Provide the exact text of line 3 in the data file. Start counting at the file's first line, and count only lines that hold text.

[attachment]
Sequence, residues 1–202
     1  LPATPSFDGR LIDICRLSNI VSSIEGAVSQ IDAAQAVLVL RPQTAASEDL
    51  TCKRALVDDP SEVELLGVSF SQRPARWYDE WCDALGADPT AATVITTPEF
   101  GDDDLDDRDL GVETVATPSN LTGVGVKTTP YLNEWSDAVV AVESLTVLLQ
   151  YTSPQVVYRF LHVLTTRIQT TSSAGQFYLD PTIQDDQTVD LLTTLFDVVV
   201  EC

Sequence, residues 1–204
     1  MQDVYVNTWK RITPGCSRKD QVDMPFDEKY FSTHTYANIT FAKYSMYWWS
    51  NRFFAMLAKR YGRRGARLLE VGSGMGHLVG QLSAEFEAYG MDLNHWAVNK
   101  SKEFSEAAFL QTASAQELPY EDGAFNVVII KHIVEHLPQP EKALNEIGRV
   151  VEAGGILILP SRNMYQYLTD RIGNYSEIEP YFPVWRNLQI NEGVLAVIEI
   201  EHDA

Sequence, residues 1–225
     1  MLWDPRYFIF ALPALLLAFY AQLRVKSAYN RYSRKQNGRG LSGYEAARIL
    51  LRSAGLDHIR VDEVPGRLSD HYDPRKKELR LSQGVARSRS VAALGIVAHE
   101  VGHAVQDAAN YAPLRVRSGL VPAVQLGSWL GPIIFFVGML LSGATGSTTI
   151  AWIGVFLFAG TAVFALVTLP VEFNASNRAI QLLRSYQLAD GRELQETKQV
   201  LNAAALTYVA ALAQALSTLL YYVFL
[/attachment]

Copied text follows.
    51  TCKRALVDDP SEVELLGVSF SQRPARWYDE WCDALGADPT AATVITTPEF